The guys at Football Outsiders generally ranked and rate players beyond the way simple mortals can think of. Most mainstream sports sites, even NFL's home site, generally rate players based on mainstream statistics. Such as how many yards rushing does a running back have? Football Outsiders doesn't ask that; it's really not that important. They ask, how important are the yards that they gain? For instance a running back with five yards on five carries appears ridiculously bad. What if all five yards were on third-and-one, or perhaps fourth-and-goal at the one-yard line, all converting third downs in a touchdown or first down?
Football Outsiders ranks the top 25 prospects in the NFL with the unique qualification that includes players drafted in the third round or later (including UDFA), entering the NFL from 2008 through 2010, fewer than five career starts all while still playing on their rookie contracts. Based on those qualifications, the Bengals have two players in the top ten.
No. 10 - Jordan Shipley:
Eighty-five players qualified for the leaderboard in our receiver statistics by being targeted on 50 passes or more. Of those 85 players, only one -- Austin Collie -- had a catch rate greater than the 70 percent figure put up by Shipley last season. Shipley's catch rate was actually slightly ahead of the other slot receivers he's often compared to: Wes Welker and Danny Amendola. He even posted the best DVOA of the three, along with the only positive receiving DVOA by any qualifying Bengals receiver. Shipley isn't going to be a star, but he's going to be a contributor on the next effective Bengals offense.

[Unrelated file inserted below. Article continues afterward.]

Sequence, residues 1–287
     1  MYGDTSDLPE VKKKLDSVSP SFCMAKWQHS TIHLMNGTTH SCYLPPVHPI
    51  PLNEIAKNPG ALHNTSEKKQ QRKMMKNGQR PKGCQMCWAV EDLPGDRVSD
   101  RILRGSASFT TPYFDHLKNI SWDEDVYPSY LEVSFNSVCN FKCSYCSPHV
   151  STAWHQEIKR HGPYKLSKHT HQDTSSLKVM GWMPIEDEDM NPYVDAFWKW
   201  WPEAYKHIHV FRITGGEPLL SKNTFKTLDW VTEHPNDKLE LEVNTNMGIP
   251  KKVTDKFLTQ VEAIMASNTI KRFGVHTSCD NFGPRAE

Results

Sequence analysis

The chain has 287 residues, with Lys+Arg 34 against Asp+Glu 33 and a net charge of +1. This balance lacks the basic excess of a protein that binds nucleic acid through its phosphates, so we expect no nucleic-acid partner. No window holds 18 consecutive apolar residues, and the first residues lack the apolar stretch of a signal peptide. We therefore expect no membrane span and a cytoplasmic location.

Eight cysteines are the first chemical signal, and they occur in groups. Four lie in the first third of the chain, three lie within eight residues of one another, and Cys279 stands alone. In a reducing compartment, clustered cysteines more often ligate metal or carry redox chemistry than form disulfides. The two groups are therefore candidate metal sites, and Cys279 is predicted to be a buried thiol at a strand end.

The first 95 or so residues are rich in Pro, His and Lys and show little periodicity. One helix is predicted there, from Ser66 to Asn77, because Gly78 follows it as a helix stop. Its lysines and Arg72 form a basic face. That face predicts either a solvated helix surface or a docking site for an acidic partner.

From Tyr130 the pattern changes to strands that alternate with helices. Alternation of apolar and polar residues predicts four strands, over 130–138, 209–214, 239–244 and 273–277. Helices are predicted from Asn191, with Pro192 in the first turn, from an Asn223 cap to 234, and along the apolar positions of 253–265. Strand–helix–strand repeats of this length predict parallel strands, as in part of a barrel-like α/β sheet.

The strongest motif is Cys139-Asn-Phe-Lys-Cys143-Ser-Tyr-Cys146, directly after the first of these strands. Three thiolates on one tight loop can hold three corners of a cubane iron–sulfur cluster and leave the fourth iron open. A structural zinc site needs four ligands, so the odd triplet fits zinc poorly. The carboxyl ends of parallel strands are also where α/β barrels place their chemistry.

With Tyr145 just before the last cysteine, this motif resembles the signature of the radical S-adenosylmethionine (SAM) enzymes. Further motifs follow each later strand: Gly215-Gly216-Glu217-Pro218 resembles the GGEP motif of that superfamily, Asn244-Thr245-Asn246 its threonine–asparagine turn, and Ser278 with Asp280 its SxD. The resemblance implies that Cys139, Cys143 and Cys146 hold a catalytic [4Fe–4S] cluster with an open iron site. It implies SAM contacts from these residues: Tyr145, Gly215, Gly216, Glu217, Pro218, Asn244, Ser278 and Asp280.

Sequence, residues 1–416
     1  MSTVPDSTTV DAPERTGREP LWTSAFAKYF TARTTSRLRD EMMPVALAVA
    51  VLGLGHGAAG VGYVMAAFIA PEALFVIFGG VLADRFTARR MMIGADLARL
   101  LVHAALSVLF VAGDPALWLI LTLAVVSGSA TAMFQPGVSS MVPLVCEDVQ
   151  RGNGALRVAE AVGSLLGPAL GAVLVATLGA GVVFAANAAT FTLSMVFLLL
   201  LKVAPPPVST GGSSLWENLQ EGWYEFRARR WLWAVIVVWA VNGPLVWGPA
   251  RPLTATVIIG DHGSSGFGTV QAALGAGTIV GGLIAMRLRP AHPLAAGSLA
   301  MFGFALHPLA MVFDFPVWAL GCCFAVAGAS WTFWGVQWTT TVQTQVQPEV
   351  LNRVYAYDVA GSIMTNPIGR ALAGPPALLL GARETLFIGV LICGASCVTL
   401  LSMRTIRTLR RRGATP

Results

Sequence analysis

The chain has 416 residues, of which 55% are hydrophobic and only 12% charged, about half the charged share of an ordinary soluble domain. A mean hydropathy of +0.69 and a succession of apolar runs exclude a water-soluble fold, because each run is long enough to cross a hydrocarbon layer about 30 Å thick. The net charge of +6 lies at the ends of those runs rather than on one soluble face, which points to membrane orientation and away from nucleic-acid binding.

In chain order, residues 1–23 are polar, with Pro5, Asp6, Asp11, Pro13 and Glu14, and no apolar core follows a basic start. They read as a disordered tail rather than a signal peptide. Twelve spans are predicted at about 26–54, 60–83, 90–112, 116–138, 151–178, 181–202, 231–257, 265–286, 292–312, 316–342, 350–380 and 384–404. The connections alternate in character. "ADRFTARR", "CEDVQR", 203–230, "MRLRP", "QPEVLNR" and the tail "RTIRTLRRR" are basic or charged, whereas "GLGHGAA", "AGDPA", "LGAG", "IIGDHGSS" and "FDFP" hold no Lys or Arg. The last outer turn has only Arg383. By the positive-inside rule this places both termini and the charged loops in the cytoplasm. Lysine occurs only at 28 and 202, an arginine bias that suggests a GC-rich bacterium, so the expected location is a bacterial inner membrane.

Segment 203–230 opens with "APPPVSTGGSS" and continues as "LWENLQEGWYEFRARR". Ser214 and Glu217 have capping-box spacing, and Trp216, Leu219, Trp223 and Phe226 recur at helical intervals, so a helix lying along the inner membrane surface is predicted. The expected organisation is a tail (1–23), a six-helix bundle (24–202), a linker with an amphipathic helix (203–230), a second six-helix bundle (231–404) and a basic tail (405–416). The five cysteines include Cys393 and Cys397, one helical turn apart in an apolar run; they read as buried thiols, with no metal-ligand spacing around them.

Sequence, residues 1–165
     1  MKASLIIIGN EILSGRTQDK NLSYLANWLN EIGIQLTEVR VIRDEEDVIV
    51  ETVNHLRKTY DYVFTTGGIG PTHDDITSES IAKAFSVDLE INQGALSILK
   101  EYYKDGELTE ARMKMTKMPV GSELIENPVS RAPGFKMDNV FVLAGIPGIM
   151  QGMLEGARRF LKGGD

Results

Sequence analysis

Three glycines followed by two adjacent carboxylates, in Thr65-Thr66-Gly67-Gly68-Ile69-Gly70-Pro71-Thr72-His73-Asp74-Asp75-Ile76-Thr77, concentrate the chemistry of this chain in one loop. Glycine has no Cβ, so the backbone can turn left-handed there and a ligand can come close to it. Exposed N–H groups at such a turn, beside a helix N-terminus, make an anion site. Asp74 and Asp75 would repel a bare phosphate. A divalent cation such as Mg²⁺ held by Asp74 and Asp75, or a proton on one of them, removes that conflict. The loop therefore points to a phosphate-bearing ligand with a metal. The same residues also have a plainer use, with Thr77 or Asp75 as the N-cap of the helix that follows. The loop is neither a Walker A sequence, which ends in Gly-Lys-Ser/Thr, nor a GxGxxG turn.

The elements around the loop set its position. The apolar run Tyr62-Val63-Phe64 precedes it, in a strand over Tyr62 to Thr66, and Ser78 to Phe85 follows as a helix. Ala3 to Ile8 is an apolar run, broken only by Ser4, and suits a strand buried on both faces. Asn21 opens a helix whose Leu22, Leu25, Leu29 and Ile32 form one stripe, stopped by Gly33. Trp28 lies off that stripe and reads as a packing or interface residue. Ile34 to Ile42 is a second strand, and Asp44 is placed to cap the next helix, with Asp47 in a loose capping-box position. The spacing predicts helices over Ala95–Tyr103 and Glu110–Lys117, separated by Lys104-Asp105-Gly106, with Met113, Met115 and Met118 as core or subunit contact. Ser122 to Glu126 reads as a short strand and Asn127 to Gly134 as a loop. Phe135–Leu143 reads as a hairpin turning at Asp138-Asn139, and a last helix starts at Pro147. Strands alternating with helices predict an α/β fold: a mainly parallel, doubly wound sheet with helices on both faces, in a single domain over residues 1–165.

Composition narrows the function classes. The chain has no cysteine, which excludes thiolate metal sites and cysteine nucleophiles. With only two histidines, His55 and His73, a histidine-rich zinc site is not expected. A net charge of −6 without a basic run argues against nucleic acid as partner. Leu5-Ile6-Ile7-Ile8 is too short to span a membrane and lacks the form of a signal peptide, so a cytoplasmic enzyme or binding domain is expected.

No. 6 - Geno Atkins:
At first glance, Atkins doesn't look like a great prospect; he had three sacks in a full season while playing for a mediocre defense. With Atkins, though, it's the more subtle stuff that suggests he has serious potential. For one, Atkins is a defensive tackle. Getting even three sacks as a rookie is a positive sign. There's also a lot bubbling under the surface suggesting that his sack rate could rise, too. While preseason stats aren't consistently meaningful, he produced 4.5 sacks in five games. And during the regular season, Atkins led the team in our advanced pass rush metrics by a good amount. He had nine quarterback hits, four more than any other Bengals defender, while his 17.5 hurries outpaced the rest of the lineup by five. A great pass-rusher with the size to play inside in a 4-3 is rare indeed, but it looks like the Bengals have that in Atkins.
Good choices, we say. Some of you might be asking, what about Carlos Dunlap? He didn't even start a single regular season game last year. No. But he was also drafted in the second round.
The list is really nothing more than the discussion of best players drafted during rounds that produces less than the first two rounds. We're not saying anyone drafted in the third round or worse is bad (we know someone actually came to that conclusion so we had to say it). Yet players drafted in the first two rounds tend to have more successful careers because most were great college players. Atkins and Shipley? Great selections.